# Thermal Equilibrium Temperature Question Sodium and Water

1. Apr 3, 2016

### RJLiberator

1. The problem statement, all variables and given/known data

Expose the error: When sodium is placed in water, a violent reaction always occurs; therefore sodium and water can never be at the same temperature.

2. Relevant equations
Thermal equilibrium and temperature. Zeroth law. Isotherms.

3. The attempt at a solution

The error is that sodium and water CAN be at the same temperature.
The system will reach a thermal equilibrium.

2. Apr 3, 2016

### Merlin3189

Does the sodium have to be in contact with the water?
The question says it has to be in thermal equilibrium, not in contact.
You do mention the zeroth law.

3. Apr 3, 2016

### RJLiberator

"When the sodium is placed in water" So I assume yes to this question.

I don't think the actual question says anything about thermal equilibrium. Or am I wrong?

Those are just general topics of what I am learning right now. IT may or may not have to do with the Zeroth law.

The question:
Expose the error: When sodium is placed in water, a violent reaction always occurs; therefore sodium and water can never be at the same temperature.

4. Apr 3, 2016

### Merlin3189

Yes, I'm sorry, I inserted the thermal equilibrium in my own head!
I agree that, when sodium is placed in water, a reaction occurs.
I don't see that any conclusion follows about sodium at all times. (Edit: Never implies all times, before during and after reaction.)

What about just before it is put in the water? What temperature limitations are there on it then? And which piece of sodium are we talking about? As I read the second part of the sentence, it refers to any piece of sodium anywhere at any time.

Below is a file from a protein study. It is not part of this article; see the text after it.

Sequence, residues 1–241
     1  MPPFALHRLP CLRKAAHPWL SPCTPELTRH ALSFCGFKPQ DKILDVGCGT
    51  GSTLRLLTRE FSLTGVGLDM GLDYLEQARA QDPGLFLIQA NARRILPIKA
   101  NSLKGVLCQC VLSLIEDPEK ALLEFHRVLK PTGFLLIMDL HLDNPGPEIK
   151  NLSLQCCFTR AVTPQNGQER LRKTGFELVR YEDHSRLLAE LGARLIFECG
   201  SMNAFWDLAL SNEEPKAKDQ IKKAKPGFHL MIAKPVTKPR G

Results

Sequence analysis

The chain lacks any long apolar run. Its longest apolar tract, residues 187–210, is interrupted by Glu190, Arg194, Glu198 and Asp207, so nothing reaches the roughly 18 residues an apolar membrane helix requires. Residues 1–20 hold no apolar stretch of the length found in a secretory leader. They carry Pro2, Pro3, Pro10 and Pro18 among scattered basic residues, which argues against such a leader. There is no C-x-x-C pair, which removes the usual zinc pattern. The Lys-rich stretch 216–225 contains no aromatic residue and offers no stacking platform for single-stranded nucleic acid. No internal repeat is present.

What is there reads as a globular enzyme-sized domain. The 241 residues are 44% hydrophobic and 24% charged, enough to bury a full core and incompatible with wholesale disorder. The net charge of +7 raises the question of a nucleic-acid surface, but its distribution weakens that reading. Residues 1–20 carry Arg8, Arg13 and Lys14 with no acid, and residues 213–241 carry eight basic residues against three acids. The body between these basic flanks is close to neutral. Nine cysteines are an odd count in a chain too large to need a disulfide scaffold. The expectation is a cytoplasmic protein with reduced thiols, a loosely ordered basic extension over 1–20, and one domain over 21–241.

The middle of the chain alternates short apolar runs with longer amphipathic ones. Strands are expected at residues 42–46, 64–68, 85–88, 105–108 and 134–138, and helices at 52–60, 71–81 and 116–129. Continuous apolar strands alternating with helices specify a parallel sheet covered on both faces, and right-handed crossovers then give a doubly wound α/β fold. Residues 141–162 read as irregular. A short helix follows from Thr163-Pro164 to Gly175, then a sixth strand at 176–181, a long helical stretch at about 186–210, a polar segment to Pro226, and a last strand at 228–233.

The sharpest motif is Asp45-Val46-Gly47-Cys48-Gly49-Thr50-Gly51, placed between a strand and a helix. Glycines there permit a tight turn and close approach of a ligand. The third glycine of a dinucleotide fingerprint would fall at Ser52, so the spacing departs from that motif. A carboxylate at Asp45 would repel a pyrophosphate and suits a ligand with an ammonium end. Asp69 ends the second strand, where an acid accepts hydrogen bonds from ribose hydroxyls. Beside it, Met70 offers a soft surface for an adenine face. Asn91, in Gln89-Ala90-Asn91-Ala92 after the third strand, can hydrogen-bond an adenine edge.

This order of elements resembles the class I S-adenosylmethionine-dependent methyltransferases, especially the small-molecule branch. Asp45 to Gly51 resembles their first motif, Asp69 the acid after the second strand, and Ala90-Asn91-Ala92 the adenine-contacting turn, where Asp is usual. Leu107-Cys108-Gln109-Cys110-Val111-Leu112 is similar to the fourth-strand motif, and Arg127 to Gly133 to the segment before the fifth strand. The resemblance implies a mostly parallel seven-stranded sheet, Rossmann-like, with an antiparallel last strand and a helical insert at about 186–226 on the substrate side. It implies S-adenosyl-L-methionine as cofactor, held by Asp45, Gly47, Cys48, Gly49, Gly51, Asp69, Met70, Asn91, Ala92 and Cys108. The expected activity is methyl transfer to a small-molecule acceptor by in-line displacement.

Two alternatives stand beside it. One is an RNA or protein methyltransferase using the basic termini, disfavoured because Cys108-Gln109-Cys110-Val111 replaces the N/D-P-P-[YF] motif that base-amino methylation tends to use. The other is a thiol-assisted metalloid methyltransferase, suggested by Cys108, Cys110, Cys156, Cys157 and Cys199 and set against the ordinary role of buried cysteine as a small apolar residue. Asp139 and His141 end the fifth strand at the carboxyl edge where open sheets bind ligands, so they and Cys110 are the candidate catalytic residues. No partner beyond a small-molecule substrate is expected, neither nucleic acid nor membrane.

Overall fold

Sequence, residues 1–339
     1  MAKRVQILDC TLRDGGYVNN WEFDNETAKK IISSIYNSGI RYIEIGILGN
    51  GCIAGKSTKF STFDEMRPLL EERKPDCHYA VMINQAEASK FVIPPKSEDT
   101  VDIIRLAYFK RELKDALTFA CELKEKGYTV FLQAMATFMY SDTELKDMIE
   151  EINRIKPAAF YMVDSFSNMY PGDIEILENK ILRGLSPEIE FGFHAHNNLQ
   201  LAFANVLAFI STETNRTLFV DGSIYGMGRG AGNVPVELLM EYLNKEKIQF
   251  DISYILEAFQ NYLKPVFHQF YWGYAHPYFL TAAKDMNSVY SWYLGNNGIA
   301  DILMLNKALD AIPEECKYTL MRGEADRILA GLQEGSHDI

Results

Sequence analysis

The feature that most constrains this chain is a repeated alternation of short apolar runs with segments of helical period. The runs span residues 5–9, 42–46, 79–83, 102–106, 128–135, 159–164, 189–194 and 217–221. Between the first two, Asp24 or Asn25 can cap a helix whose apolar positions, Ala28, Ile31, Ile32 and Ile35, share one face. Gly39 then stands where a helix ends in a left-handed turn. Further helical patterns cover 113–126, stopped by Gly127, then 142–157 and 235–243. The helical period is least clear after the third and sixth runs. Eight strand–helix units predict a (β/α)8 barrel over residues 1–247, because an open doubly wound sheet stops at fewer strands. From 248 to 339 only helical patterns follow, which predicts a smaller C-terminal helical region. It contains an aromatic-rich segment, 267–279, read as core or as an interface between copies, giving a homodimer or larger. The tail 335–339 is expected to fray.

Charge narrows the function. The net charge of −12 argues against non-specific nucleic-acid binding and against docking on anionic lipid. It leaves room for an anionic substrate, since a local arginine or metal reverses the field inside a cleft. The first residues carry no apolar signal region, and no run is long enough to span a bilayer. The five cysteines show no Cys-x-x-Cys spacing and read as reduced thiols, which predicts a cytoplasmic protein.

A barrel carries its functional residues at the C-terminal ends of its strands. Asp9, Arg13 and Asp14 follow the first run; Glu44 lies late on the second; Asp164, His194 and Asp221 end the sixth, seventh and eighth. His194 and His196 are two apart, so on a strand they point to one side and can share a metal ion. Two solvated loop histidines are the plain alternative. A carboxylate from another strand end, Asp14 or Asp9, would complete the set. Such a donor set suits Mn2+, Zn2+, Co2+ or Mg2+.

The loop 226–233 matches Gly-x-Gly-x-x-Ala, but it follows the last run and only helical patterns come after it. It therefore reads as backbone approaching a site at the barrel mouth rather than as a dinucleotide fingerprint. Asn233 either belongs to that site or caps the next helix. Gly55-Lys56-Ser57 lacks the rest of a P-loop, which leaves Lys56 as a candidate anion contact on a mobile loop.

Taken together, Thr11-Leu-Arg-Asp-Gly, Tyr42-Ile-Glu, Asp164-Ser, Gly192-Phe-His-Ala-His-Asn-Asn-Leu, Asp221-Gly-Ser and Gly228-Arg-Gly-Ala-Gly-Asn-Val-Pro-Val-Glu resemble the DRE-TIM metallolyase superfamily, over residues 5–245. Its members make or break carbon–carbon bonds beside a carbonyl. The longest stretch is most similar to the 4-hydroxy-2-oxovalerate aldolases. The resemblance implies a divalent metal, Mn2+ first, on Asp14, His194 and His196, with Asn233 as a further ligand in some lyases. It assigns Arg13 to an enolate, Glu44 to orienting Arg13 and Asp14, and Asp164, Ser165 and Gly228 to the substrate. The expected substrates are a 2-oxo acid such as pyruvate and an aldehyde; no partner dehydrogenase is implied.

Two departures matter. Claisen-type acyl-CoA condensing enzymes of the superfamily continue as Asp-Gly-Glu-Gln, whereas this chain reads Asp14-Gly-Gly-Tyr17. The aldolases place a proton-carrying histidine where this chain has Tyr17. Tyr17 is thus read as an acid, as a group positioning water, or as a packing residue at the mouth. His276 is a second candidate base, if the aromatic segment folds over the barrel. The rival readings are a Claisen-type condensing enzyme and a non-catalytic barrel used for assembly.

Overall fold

If you do choose one specific piece of sodium, which is kept (in its oil) in a jar next to the trough of water, where they are both at the same temperature, right up to the moment it contacts the water (or water vapour) it can be at the same temperature.

If I asked you to measure the heat generated by the reaction, by doing the experiment in an insulated sealed container (very dangerous of course!) and measuring the temperature after the reaction, then you would need to know the temperature of both water and sodium at the start of the reaction. It would probably be convenient if they were both at the same temperature, but there is no reason why the sodium should not be hotter or colder: other than convenience there is no constraint on the temperature of the sodium.

In your interpretation of the question, which seems to be that the sodium cannot be at the same temperature as the water while the reaction is taking place, your conclusion might be correct. But that would IMO be a strange question. What IS the temperature of a lump of sodium which started at room temperature and whose surface is now heating up very rapidly? What is the temperature of a trough of water which is being strongly heated in one small area? Neither has a clear, well defined temperature at any instant during the reaction.
At the surface of the sodium I would say that the water and sodium could be at exactly the same temperature just where they are in contact.

Chemically, I would suspect the sodium cools down as energy is used to remove sodium atoms and ionise them. Similarly the water should cool as its molecules are removed and torn asunder. Only when the ions come together is great energy released, which presumably spreads into the sodium and water at random, heating them more or less equally. Or possibly heating the water more, as the ions proceed to dissolve in it.

When I think that this is a physics question rather than a chemistry one, I think it makes more sense to see it as, maybe a bit of a catch question, but testing understanding of the zeroth law - that two objects do not have to be in contact to be at the same temperature.

But see what the real physicists say when they get here.